One Drawing Per Day: Every Page of 'Moby Dick', Illustrated by Hand

Since 2009, former high school English teacher and self-taught artist Matt Kish has been drawing every page of the 552-page Signet Classics paperback edition of Herman Melville's iconic Moby-Dick, methodically producing one gorgeous, obsessive drawing per day for 552 days using pages from discarded books and a variety of drawing tools, from ballpoint pen to crayon to ink and watercolor. Now, thanks to Tin House Books, Kish's ingenious project joins our running list of blogs so good they became books: Moby-Dick in Pictures: One Drawing for Every Page gathers his magnificent lo-fi drawings in a 600-page visual masterpiece of bold, breathtaking full-page illustrations that captivate eye, heart, and mind, inviting you to rediscover the Melville classic in entirely new ways.

I've read the book eight or nine times.... Each and every reading has revealed more and more to me and hinted tantalizingly at even greater truths and revelations that I have yet to reach. Friends often question my obsession with the novel, especially since I am not a scholar or even an educator any longer, and the best explanation I have been able to come up with is that, to me, Moby-Dick is a book about everything. God. Love. Hate. Identity. Race. Sex. Humor. Obsession. History. Work. Capitalism. ... I see every aspect of life reflected in the bizarre mosaic of this book. --Matt Kish

'Call me Ishmael'

Colored pencil and ink on found paper, August 5, 2009

'But look! here come more crowds, pacing straight for the water, and seemingly bound for a dive.'

Colored pencil and ink on found paper, August 6, 2009

'...where that tempestuous wind Euroclydon kept up a worse howling than ever it did about poor Paul's tossed craft.'

Acrylic paint and ballpoint pen on found paper, August 13, 2009

'I don't know how it is, but people like to be private when they are sleeping.'

Acrylic paint, colored pencil and ink on found paper, August 19, 2009

''Speak-e! tell-ee me who-ee be, or dam- me, I kill-e!' again growled the cannibal...'

Ink, colored pencil and marker on found paper, August 27, 2009

'Indeed, partly lying on it as the arm did when I first awoke, I could hardly tell it from the quilt, they so blended their hues together; and it was only by the sense of weight and pressure that I could tell that Queequeg was hugging me.'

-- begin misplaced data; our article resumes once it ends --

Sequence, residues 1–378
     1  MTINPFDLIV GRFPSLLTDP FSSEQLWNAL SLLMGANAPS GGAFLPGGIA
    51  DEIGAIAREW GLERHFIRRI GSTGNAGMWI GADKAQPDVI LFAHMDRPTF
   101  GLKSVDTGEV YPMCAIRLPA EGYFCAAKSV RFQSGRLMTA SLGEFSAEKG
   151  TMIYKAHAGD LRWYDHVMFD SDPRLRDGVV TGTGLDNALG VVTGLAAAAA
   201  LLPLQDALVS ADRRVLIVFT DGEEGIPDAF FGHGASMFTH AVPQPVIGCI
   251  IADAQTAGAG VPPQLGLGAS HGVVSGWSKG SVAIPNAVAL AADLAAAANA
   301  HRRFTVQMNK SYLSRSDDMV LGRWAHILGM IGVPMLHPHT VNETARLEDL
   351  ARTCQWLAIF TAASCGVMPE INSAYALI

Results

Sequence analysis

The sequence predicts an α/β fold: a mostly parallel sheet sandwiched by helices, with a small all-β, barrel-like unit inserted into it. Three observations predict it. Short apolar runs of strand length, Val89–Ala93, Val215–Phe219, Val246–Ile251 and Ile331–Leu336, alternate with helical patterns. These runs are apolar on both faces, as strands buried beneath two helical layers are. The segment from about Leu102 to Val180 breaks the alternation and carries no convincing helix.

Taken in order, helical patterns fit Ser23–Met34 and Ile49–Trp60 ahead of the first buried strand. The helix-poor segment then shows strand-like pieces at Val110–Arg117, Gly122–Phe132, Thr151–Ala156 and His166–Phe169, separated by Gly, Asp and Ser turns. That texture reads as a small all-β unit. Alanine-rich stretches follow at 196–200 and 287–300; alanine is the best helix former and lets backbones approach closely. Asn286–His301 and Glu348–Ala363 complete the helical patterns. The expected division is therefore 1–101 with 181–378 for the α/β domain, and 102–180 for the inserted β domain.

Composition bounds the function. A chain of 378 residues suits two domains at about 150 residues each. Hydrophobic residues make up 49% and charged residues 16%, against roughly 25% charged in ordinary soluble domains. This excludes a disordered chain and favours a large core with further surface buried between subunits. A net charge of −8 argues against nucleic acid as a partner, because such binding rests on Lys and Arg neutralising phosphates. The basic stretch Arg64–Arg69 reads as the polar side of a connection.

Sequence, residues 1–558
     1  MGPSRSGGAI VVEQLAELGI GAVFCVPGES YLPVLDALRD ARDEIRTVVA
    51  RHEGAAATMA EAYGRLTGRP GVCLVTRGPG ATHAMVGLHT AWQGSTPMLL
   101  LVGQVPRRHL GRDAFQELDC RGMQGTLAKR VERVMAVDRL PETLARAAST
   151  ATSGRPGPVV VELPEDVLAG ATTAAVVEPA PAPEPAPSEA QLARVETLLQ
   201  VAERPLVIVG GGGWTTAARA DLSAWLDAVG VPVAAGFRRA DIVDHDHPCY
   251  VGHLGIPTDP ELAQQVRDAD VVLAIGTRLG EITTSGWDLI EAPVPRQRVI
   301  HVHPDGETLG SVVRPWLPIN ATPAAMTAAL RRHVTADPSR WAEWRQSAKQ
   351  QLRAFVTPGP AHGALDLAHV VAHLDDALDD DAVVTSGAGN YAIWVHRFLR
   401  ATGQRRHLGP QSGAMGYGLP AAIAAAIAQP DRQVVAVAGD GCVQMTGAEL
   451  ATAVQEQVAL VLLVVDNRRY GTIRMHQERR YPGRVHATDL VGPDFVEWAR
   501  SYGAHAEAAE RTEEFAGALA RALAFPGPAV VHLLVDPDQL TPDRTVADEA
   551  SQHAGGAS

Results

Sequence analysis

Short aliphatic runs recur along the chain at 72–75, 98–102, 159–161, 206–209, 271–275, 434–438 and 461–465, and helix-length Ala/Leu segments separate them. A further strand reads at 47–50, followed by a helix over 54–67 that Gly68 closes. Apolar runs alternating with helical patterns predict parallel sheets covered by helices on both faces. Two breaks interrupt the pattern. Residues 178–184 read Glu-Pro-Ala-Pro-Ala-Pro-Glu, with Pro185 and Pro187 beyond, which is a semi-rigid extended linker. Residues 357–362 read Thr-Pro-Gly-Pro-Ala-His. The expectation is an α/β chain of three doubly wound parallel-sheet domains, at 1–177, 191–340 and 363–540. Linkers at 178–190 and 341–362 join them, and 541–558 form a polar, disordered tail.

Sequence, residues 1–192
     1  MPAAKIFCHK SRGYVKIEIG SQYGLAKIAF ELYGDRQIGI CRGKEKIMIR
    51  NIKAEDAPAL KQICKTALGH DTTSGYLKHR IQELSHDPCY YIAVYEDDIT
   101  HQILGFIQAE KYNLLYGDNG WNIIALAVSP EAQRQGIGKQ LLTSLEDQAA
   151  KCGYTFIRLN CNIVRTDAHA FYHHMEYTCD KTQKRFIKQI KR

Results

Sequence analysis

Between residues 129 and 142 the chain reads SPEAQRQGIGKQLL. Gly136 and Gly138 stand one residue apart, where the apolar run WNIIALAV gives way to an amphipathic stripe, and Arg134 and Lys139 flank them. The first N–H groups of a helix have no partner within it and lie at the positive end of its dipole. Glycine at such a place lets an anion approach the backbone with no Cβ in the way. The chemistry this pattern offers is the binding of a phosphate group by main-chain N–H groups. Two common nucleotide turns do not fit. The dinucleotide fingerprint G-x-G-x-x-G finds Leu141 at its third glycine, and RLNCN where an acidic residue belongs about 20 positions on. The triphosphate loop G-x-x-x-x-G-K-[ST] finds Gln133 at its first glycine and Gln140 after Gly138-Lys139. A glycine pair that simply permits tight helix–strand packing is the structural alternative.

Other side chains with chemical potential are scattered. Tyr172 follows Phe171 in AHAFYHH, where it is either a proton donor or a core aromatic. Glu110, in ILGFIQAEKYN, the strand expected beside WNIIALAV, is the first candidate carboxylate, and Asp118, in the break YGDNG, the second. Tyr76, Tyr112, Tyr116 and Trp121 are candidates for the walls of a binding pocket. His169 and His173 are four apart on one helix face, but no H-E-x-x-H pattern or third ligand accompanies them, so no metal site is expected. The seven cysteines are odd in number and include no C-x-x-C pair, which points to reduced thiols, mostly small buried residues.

Acrylic paint on found paper, August 30, 2009

'...Jonah feels the heralding presentiment of that stifling hour, when the whale shall hold him in the smallest of his bowel's wards.'

Ballpoint pen on paper, September 17, 2009

'...and when the ship was gliding by, like a flash he darted out; gained her side; with one backward dash of his foot capsized and sank his canoe; climbed up the chains...'

Acrylic paint, colored pencil, ink and marker on found paper, September 30, 2009

'Thus goes the legend. In olden times an eagle swooped down upon the New England coast, and carried off an infant Indian in his talons. With loud lament the parents saw their child borne out of sight over the wide waters.'

Ink and marker on found paper, October 5, 2009

'...hell is an idea first born on an undigested apple-dumpling...'

Crayon, ink and marker on found paper, November 24, 2009

'...who has also by the stillness and seclusion of many long night-watches in the remotest waters, and beneath constellations never seen here at the north, been led to think untraditionally and independently...'

Colored pencil, ink and marker on found paper, November 12, 2009

''I will have no man in my boat,' said Starbuck, 'who is not afraid of a whale.''

Colored pencil, ink and marker on found paper, December 19, 2009

'But it was especially the aspect of the three chief officers of the ship, the mates, which was most forcibly calculated to allay these colorless misgivings, and induce confidence and cheerfulness in every presentment of the voyage.'

Ink on found paper, December 28, 2009

''Thou Bildad!' roared Peleg, starting up and clattering about the cabin. 'Blast ye, Captain Bildad, if I had followed thy advice in these matters, I would afore now had a conscience to lug about that would be heavy enough to founder the largest ship that ever sailed round Cape Horn.''

Ballpoint pen and ink on found paper, November 16, 2009

Woven of equal parts visual mastery and creative bravery, Moby-Dick in Pictures is a treasure in and of itself, one that not only pays homage to Melville, but also reimagines what it means to embark on a modern-day epic voyage of creative restlessness.

Image: Matt Kish.

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This post also appears on Brain Pickings.

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Maria Popova is the editor of Brain Pickings. She writes for Wired UK and GOOD, and is an MIT Futures of Entertainment Fellow.

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